When people think about Florida, they envision a land overrun by theme parks and beaches.
That’s not necessarily the case.
Historic landmarks in the Sunshine State date back all the way to Pre-Columbian times. There are currently 47 National Historic Landmarks in our state, located in 22 different counties. In contrast, there are currently 11 national parks locally. The first-ever Florida historical landmark was Fort San Carlos de Barrancas in 1960.
For over 60 years, Florida has ranked top 20 in historical distinctions — one of only five Southern states to have this total and above. As of this writing, there are currently 80,000 locations being considered by the National Park Service as worthy of potential recognition.
Because the seasonal weather is getting increasingly warmer, its the perfect time to do some spring hiking, and check out The Best Historical Sites To Visit In Florida:
The most famous (and infamous) cigar industry landmark is located right here in our city! The beating heart of Tampa is the only neighborhood on Florida’s west coast designated as a National Historic Landmark District.
Known as the Cigar Capital of the World, Cuban manufacturers brought their business from their home country in the latter part of the 19th century. By the 1900s, Tampa’s manufacturers produced the world’s highest-quality, hand-rolled cigars in the world, surpassing Havana in both sales and popularity.
Now, the Historic District contains nearly a thousand historic buildings and structures, including nine cigar factories that still remain. Those visiting the Latin quarter can check out restaurants, retailers, and two museums: the Tampa Baseball Museum at the Al Lopez House and the Ybor City Museum State Park.
Positioned on one of the largest properties in Key West, the Ernest Hemingway Home and Museum was the Nobel Prize-winning author’s residence for a decade. During that time, he wrote nearly 70% of his works, including classics A Farewell To Arms, Death in the Afternoon, and The Snows of Kilimanjaro.
In 1928, Hemingway migrated to the “Sunshine State”, where his uncle gifted him a Spanish Colonial home in disrepair. A massive restoration and remodeling turned the home into a modern attraction for bibliophiles everywhere.
The museum is open daily, 365 days a year, and conducts half-hour tours every 15 minutes.
Fun fact: the area is teeming with so-called Hemingway cats, most of which are polydactyl — meaning they have six toes!
Be sure to wear your bug spray. And, opt for one of the many guided tours to avoid any unwanted encounters with any alligators, snakes, or other Florida creatures!
The largest subtropical wilderness in the country is an unparalleled landscape stretching over 1.5 million acres. It is also the largest wilderness of any kind east of the Mississippi River.
Located on the southern tip of our state, this region is made of coastal mangroves, sawgrass marshes, and pine flat woods, serving as the habitat for hundreds of animal species.
Situated an hour away from Miami, the swampland has been protected for generations, prompting president Harry Truman to gush: “Here is land, tranquil in its quiet beauty, serving not as the source of water, but as the last receiver of it.”
In 1934, Congress established the Everglades as a National Park. It is also an International Biosphere Reserve, a Wetland of International Importance, and a World Heritage site.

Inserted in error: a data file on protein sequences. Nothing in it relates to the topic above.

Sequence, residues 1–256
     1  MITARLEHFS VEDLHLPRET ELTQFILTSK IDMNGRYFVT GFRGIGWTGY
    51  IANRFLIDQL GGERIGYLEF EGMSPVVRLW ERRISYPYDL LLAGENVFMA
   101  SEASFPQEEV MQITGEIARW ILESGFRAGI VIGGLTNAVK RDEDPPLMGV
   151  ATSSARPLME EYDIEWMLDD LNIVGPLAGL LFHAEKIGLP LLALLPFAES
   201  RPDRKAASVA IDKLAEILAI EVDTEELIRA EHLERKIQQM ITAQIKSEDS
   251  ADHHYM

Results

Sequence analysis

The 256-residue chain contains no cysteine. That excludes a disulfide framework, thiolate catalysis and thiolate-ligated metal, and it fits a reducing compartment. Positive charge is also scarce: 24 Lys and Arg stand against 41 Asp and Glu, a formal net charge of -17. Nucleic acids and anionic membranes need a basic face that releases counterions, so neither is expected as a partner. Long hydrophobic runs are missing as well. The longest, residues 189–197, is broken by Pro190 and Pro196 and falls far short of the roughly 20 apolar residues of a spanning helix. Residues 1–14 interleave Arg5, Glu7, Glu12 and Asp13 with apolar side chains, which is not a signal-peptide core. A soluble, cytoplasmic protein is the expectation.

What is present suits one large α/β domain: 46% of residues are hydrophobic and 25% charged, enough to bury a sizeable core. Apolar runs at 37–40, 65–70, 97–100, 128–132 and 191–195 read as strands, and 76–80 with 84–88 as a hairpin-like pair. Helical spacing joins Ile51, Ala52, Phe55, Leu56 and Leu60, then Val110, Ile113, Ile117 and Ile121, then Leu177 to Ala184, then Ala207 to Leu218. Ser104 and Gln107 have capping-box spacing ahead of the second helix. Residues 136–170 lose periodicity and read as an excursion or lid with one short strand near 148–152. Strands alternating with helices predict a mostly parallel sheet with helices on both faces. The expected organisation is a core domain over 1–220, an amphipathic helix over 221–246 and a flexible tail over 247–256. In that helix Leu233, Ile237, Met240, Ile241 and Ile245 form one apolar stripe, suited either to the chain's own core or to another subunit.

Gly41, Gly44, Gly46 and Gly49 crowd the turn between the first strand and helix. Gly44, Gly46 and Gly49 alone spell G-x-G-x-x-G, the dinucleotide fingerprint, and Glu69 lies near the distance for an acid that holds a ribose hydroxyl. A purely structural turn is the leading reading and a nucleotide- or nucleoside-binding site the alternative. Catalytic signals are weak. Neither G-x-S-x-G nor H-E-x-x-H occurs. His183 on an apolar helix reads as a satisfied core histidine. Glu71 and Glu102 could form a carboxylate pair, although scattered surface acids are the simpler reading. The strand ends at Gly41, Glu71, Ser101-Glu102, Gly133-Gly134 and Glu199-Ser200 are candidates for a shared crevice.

Dry Tortugas National Park
It’s the South, so Civil War-era forts could have made up the majority of this list. Instead, to simplify, we Floridians always appreciate sites that are aesthetically pleasing. With that in mind, Fort Jefferson definitely makes the cut.
Located 70 miles from Key West, Dry Tortugas National Park consists of seven small islands, picturesque blue waters, and a strategic and masonic deepwater anchorage. During the Civil War, the harbor was meant to give ships a chance to resupply and recover from the storms. However, 30 years in the making, Fort Jefferson was never finished, but still assisted the Union in blockading Southern shipping.
It is considered one of the nation’s largest forts, erected in the 19th century.
Again, this list could have just been about lighthouses.
There are 30 still standing tall across our state, including a dozen that visitors can enter. Across thousands of miles of coastline, residents will debate which one is the best.
The most popular is clearly St. Augustine, the oldest in the state. Often featured in ghostly television shows (see Buzzfeed: Unsolved and Ghost Hunters), this 167-foot-tall behemoth guard Florida’s oldest port. Built in 1871, St. Augustine remains an active, working lighthouse, still aiding passing vessels with its beacon.
A fan favorite is the Ponce de Leon Lighthouse. Measuring at 175 feet, it is one of the tallest in the country. This 1887 attraction gives visitors a 360-degree view of the Atlantic Ocean — that is, if you can make it up all 203 steps and get to the panoramic top!
The Ringling is home to the official art and cultural museum that defines Florida.
Boasting an alluring pink facade, this iconic Sarasota location has been enticing visitors since 1927. Originally built across 66 acres by John-Ringling, the structure was meant to house his personal collection of masterpieces. Offerings include 21 galleries featuring European paintings, contemporary art, and Cypriot antiquities. The 10,000 object showcase consists of a variety of paintings, sculptures, prints, and more from around the world. Most impressive is still the architecture; the five-story Ringing mansion features 56 rooms and 15 bathrooms.
Or, if you’re looking for something more action-adventure to do with the family, check out the “7 Best Amusement Theme Parks In The State Of Florida.”